Once Upon a Time….a Prince!

Maria Rita Latto (June 01, 2009)
A new chapter of the never ending fairy tale of Italian politics: Emanuele Filiberto Umberto Reza Rene Maria di Savoia, Prince of Venice and Piedmont, is UDC candidate in the 2009 European elections. He gained popularity after starring as a celebrity contestant on Italy’s version of Dancing with the Stars.

The never ending fairy tale of Italian politics has a new character to enrich its surreal atmosphere. In fact, every classic fairy tale needs a prince. This prince is a 100% blue blood by birth. His full name is Emanuele Filiberto Umberto Reza Rene Maria di Savoia, Prince of Venice and Piedmont. He is the only child of Vittorio Emanuele, Prince of Naples, the son of the last king of Italy, Humbert II who died in exile. Emanuele Filiberto, the heir apparent to a crown that no longer exists, was born and raised in Switzerland because the male members of the Savoy family were exiled from Italy after World War II by a provision in the Italian constitution.
The law reflected the Italian people’s disillusionment and disappointment with the Savoy dynasty, which stemmed from King Vittorio Emanuele III and Humbert II (Emanuele Filiberto’s great-grandfather)’s inability to contain Mussolini’s policies that eventually led to his dictatorship, countless tragedies, and Italy’s defeat in World War II.

Emanuele Filiberto came to Italy for the first time at the age of 30 when the Italian state lifted the exile in 2002. A year later, he married French actress Clotilde Coureau with much fanfare in the Rome church where his great-grandfather, Vittorio Emanuele III, was also married. Before his return to Italy, he

had already become famous by appearing on TV talk shows, mostly discussing sports and supporting his favorite soccer team, Juventus F.C., and starring in commercials. He also ran unsuccessfully for office as a candidate for the small political party called Values and Future. Months ago he also starred as a celebrity contestant on Italy’s version of Dancing with the Stars (Ballando con le stelle). He was convinced that by appearing on the show, Italians would “finally be able to understand who Emanuele Filiberto di Savoia really is.” He admitted to not being able to dance, and rejected criticism from monarchists for his decision to take part in the show, saying: “I live in modern times. It’s almost 2010. I have a family with two children to support. I’ve worked since I was 19 and no one has given me anything.”

Thanks to the show, his wish for the Italian people to understand him finally came true. In fact, despite opposition from some of the jurors, one of whom defined the dancing prince a “piripicchio,” a sort of jester, he won. Viewers defied the decision of the official jury composed of famous people in showbiz, and gave Emanuele Filiberto 75% of the popular vote and one

million phone calls in his favor, as well as a 60% audience share for the RaiUno TV channel. Since his first episode aired, the public fell in love with the tall, slim, elegant, and charming prince though his movements were described as “wooden” and “stiff.” After his win he declared: “I had the chance to be myself and that’s the ultimate victory for me.” Emanuele Filiberto thanked Italians from the “bottom of [his] heart” for this “absolutely unexpected” win.

That triumph brought the dancing prince a line of clothing called Principe d’Italia (what else?), more TV appearances, and another attempt at politics, this time running for the European Parliament. He is a candidate for the UDC (Unione di Centro), a center-line party following the tradition of the DC (Democrazia Cristiana). The party’s secretary, Lorenzo Cesa, said: “Emanuele Filiberto will be a great surprise for Italians and European politics. I am convinced that he is an extraordinary and capable person. We are sure that he will defend the values we care about most, which are family and our Christian identity.” Prince Emanuele Filiberto will run in the North Western area, a part of the Belpaese traditionally linked to the Savoy family that has had an established seat in Turin for centuries.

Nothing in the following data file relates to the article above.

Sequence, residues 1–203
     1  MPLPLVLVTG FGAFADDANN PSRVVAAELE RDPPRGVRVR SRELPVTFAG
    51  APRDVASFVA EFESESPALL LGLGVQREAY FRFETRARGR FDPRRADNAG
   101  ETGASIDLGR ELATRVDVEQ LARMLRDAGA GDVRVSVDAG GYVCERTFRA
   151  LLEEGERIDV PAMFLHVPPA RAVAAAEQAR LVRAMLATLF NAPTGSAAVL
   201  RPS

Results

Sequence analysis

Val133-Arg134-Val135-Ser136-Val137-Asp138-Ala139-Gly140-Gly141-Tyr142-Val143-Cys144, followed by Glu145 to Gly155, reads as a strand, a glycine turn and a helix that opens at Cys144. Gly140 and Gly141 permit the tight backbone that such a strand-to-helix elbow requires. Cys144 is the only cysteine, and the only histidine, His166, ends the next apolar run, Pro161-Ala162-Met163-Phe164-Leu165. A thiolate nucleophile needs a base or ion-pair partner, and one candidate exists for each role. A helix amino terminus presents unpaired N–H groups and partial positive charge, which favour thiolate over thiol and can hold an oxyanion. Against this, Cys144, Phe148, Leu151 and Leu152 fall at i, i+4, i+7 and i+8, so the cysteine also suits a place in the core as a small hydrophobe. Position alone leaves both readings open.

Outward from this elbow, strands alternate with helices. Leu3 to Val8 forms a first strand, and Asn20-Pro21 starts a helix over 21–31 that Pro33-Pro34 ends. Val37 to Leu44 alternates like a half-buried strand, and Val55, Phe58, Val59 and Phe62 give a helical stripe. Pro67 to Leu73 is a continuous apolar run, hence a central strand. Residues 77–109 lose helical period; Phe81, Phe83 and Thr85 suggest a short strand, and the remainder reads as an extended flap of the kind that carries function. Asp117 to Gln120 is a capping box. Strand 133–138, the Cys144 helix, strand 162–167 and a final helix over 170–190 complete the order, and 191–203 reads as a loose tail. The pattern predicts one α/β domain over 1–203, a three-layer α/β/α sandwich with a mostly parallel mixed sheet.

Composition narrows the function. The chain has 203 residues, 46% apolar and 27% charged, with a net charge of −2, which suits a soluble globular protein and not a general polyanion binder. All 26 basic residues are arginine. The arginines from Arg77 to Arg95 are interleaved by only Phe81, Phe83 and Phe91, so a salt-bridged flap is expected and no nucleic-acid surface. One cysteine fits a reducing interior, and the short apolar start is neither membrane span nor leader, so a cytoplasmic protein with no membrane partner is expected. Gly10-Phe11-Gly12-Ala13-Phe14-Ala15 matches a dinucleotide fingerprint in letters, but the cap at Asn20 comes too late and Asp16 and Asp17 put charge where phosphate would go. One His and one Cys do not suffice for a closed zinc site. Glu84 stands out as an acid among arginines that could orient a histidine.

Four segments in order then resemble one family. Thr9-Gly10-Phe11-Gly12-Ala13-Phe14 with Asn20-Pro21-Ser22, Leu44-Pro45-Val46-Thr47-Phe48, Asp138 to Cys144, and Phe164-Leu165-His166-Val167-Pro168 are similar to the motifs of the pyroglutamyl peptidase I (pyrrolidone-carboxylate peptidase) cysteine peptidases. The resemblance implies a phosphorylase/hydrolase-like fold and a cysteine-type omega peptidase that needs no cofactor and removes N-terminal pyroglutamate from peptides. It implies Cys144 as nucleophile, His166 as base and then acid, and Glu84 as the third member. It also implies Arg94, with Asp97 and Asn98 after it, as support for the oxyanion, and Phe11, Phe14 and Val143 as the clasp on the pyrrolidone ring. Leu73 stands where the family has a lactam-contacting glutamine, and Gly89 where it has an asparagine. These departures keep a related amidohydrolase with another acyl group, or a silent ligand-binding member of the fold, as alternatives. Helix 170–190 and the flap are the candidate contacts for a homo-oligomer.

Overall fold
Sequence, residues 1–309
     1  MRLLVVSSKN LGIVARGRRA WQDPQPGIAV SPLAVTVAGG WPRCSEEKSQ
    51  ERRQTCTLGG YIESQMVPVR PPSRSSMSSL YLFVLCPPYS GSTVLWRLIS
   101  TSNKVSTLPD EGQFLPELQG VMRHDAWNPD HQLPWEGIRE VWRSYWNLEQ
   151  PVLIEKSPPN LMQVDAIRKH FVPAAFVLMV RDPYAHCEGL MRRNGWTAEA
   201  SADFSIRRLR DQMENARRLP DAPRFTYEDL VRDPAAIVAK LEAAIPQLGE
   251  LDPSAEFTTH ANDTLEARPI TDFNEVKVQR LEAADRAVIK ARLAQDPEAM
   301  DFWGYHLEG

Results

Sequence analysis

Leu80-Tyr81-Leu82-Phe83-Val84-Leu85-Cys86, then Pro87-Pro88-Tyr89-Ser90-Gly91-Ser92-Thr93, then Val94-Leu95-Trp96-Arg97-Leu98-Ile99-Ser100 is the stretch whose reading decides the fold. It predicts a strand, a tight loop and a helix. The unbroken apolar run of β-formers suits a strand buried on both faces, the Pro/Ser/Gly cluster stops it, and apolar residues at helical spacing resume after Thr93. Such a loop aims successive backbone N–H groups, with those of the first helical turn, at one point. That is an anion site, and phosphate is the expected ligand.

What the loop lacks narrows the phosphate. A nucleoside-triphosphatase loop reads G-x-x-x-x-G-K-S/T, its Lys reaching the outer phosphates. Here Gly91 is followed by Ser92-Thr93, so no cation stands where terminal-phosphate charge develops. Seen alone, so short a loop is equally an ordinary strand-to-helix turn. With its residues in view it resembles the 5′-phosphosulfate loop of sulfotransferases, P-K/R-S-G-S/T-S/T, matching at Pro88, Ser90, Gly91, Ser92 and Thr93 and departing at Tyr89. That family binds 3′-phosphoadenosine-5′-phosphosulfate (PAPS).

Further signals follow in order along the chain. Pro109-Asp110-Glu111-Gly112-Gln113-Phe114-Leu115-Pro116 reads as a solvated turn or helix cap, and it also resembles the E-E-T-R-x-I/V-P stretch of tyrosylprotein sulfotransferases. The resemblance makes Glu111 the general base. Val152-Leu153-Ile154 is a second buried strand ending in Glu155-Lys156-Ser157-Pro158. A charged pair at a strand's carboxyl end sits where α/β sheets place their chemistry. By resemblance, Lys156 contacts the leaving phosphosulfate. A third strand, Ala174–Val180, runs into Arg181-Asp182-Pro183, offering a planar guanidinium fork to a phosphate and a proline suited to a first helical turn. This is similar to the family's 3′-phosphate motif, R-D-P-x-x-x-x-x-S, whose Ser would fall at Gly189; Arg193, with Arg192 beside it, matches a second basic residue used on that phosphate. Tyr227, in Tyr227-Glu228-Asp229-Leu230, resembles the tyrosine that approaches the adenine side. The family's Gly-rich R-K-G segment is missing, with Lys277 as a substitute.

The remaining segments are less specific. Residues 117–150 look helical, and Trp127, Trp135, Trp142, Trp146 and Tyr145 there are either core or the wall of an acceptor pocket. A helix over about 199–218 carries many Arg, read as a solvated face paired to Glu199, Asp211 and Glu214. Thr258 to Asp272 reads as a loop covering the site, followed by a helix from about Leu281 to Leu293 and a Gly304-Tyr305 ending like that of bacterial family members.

The young aristocrat shared his exceptional credentials: “I speak five languages, I personally know half of the European heads of state, and I’m related to the other half.” He also has specific ideas on how to approach potential voters: “My electoral campaign will focus on ordinary people in cafés, markets, discos, and young people who are on Facebook, for example.” Day after day, his behavior increasingly resembles that of an experienced politician, making the same rapid strides in politics as he did in dance. For instance during a television debate, a journalist asked his opinion about his family’s recent request of 200 million Euro from the Italian parliament in damages sustained by the male descendants of the Savoy family in exile. The prince, who had initially supported this idea, responded as a skilled politician and quickly rejected it with a less-than regal comment, calling it “stronzate.” With a family to support, such an about-face is rather awkward, even for a successful dancer like Emanuele Filiberto. Furthermore, such a statement bridges the gap between the prince and ordinary people which is the royal candidate’s primary intention. After so many years in exile, he has successfully upheld one of the basic tenets of Italian life, the issue of “tengo famiglia” that is at the heart of most of the Belpaese’s inappropriate behavior.

Whatever the result, the man who won’t be king, Emanuele Filiberto Umberto Reza Rene Maria di Savoia, or Emanuele Filiberto di Savoia for short, will at least reach his goal of showing the world that he is “un Italiano vero” in every respect.


                                                      Ballando sotto le stelle and Emanuele Filiberto





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